LONDON/BERLIN (Reuters) - Some European telecoms operators reported connectivity problems on Tuesday as millions of people logged on for work at home due to the coronavirus pandemic, driving up data traffic by as much as 30% and testing networks.
British carrier O2, owned by Spain’s Telefonica (TEF.MC), said it had received reports of some customers struggling with its voice network as people hunkered down at home to avoid exposure to the flu-like virus. By mid afternoon, the company said its voice services on its 2G, 3G and 4G networks were returning to normal and apologized to customers.
Governments from Spain to Austria have imposed strict lockdowns to curb the spread of the new coronavirus. Germany, Europe’s largest economy, has shut schools and restaurants, causing more people to stay at home.
That is leading to increases in data and voice traffic, but also shifts in how people communicate with each other.
Many people, logged on from home, are using their home Wifi networks to make calls to colleagues, friends and relatives. That increases data consumption via fixed-line networks.
At the same time, more calls are being placed over mobile networks rather than data-driven chat services like WhatsApp, as people check in with elderly relatives who are most at risk from coronavirus but less likely to use messaging apps.
Vodafone’s (VOD.L) German unit said data traffic was quieter during the day but busier in the evening as people, deprived of the opportunity to go out to a bar or to the movies, spent more time on the sofa binge-watching video streaming services.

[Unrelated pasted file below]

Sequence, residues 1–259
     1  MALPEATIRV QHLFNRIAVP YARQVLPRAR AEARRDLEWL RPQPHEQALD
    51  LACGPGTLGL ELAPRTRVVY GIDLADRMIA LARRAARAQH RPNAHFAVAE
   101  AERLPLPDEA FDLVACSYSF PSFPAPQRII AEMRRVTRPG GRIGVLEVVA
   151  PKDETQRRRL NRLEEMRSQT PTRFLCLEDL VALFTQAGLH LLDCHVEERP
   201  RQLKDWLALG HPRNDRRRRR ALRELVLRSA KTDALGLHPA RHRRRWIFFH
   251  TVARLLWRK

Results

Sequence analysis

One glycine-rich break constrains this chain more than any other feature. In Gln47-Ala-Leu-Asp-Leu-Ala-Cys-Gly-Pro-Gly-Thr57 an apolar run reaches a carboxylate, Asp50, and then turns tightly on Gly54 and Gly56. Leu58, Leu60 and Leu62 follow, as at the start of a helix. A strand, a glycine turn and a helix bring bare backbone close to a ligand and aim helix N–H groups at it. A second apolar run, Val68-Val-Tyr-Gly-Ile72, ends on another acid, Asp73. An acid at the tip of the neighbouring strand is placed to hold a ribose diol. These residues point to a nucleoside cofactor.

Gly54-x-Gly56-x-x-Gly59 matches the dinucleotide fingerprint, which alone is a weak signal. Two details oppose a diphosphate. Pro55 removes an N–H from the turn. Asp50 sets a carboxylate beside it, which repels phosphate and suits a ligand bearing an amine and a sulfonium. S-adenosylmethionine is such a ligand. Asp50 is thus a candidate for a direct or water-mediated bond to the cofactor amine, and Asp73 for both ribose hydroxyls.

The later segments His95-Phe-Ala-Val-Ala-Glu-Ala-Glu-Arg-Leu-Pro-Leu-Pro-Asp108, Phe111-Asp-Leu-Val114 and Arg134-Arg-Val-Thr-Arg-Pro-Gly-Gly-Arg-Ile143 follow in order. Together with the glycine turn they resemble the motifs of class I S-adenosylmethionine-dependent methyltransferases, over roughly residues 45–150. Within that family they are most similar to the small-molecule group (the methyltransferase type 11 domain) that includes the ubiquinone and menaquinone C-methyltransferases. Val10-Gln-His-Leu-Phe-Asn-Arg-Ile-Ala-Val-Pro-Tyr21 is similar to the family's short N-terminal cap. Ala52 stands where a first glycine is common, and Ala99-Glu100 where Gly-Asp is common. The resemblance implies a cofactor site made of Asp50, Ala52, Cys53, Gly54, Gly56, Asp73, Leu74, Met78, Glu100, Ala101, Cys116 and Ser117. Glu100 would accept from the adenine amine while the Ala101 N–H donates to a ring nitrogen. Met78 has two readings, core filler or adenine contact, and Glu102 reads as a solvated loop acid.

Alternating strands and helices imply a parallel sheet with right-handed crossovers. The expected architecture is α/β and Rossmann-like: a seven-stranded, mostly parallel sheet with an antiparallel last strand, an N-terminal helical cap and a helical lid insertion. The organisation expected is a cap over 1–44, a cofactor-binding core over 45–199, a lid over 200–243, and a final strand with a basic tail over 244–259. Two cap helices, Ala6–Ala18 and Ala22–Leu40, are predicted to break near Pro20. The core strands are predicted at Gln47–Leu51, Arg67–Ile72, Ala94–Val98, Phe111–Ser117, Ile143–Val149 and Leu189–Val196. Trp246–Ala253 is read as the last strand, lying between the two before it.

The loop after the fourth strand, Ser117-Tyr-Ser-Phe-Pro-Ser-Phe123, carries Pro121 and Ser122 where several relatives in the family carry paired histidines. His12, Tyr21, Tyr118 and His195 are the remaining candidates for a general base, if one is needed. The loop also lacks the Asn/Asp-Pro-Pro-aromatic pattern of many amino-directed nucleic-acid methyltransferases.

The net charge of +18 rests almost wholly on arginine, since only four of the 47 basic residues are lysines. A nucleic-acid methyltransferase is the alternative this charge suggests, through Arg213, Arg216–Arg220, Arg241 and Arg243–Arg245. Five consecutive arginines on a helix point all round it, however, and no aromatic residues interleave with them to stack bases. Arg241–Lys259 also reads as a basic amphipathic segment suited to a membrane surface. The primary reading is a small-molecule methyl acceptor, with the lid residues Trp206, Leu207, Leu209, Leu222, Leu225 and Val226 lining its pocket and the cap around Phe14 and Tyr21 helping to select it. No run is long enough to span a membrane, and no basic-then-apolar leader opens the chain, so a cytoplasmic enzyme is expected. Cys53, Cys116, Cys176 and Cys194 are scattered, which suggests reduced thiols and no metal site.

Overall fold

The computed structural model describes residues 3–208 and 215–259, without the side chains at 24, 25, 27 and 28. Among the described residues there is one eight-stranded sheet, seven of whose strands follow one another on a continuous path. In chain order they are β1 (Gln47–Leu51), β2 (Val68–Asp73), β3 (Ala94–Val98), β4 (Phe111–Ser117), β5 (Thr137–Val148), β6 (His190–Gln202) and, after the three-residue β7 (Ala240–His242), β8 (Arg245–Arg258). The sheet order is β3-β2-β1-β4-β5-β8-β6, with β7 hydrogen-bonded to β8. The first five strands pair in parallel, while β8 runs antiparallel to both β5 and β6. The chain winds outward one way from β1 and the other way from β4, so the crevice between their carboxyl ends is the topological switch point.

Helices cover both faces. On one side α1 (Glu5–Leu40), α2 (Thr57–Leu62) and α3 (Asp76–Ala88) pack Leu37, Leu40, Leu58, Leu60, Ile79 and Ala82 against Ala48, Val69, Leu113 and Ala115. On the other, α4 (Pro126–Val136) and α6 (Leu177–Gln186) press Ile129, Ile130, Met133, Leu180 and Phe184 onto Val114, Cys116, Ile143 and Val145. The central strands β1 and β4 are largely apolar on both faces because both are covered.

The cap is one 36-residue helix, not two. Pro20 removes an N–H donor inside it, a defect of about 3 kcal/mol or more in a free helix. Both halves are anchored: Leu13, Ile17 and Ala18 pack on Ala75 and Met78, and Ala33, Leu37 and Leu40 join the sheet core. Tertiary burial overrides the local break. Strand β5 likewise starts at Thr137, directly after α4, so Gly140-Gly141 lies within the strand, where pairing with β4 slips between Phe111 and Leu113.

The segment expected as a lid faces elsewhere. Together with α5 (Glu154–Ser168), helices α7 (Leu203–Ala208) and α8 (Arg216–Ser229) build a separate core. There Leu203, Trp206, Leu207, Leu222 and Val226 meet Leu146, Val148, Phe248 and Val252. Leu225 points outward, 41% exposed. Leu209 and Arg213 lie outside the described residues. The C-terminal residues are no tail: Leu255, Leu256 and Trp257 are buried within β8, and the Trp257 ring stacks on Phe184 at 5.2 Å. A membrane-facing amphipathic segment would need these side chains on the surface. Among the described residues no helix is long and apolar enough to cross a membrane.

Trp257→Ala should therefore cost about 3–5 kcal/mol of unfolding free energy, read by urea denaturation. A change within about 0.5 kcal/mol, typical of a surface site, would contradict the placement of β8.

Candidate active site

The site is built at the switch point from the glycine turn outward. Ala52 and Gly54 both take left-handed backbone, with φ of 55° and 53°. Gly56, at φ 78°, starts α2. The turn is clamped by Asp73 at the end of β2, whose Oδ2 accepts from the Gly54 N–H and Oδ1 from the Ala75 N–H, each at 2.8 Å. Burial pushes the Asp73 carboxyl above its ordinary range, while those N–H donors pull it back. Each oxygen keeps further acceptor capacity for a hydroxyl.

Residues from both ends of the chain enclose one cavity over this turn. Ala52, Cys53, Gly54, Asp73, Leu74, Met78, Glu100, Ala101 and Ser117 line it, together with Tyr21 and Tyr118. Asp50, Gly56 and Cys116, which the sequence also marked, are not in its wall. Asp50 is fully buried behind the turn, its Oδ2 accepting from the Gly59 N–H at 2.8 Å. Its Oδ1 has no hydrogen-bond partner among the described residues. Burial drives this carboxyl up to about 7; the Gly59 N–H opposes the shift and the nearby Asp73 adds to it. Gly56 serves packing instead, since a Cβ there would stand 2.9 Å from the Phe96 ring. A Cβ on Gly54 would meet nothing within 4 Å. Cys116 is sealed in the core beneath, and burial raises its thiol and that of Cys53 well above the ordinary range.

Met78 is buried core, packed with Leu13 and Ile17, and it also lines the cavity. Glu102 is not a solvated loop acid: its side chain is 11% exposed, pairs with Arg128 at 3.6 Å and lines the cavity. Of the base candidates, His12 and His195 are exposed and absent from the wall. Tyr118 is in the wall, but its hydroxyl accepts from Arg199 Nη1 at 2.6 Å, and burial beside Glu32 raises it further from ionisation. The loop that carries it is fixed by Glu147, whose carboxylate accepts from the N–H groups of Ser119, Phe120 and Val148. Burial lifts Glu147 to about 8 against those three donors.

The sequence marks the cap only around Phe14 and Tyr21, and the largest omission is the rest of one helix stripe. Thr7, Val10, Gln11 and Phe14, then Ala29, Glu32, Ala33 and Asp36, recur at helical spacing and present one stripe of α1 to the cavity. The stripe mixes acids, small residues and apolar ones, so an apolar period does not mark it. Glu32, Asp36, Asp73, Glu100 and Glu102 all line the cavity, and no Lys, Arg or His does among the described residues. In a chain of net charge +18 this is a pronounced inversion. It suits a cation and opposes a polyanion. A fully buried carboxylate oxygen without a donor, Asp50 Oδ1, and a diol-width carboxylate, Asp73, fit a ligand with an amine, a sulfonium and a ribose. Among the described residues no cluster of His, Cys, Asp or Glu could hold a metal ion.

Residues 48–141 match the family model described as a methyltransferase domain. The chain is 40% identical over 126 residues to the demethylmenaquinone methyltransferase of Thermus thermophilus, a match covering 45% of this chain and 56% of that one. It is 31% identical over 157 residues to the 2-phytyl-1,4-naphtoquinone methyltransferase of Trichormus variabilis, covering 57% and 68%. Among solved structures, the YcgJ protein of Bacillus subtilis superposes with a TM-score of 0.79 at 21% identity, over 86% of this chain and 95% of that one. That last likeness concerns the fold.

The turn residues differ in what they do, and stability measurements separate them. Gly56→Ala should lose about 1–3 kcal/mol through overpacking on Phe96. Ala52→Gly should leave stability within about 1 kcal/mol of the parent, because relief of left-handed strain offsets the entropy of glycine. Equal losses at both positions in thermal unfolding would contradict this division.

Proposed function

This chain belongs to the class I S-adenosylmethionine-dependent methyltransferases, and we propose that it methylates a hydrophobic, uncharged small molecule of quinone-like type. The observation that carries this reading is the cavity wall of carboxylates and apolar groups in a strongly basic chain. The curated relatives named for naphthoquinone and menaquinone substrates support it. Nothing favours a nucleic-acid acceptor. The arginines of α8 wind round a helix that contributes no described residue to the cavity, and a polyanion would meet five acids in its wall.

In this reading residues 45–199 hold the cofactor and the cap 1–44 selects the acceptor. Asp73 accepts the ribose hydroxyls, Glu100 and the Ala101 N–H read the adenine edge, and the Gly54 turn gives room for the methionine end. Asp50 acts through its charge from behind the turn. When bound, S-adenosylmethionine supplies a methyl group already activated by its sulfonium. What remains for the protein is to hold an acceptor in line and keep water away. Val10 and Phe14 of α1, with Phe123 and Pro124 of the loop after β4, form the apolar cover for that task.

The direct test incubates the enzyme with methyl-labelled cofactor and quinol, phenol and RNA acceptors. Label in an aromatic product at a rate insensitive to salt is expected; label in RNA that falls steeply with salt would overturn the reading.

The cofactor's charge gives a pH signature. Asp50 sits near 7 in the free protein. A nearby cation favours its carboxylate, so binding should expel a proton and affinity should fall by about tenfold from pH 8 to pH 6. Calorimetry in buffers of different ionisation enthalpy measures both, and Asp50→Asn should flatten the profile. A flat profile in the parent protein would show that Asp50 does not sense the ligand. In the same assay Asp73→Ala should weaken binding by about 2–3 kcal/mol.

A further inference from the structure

“Data use on Monday looked more like it does on a Sunday,” said spokesman Alexander Leinhos.
“At the moment we are seeing an increase in data traffic,” said Deutsche Telekom, the German market leader. “Until now, all our platforms are coping well.”
Isolated reports of connectivity problems may also be because people are trying out data-hungry new videoconferencing apps, overloading the servers on which they run, said one German telecoms industry source.
French telecoms group Iliad (ILD.PA) said it was not seeing network congestion as a result of lockdown measures in France and Italy.
“Our networks are very busy, of course,” said Chief Executive Thomas Reynaud.
He added that the company reserved the right to throttle back the bandwidth allocated to video-streaming services like Netflix (NFLX.O), YouTube and Facebook (FB.O), which dominate networks in the evening.
“We’re in a new situation, there’s no taboo.”
Reporting by Douglas Busvine, Kate Holton, Mathieu Rosemain and Nadine Schimroszik; Editing by Pravin Char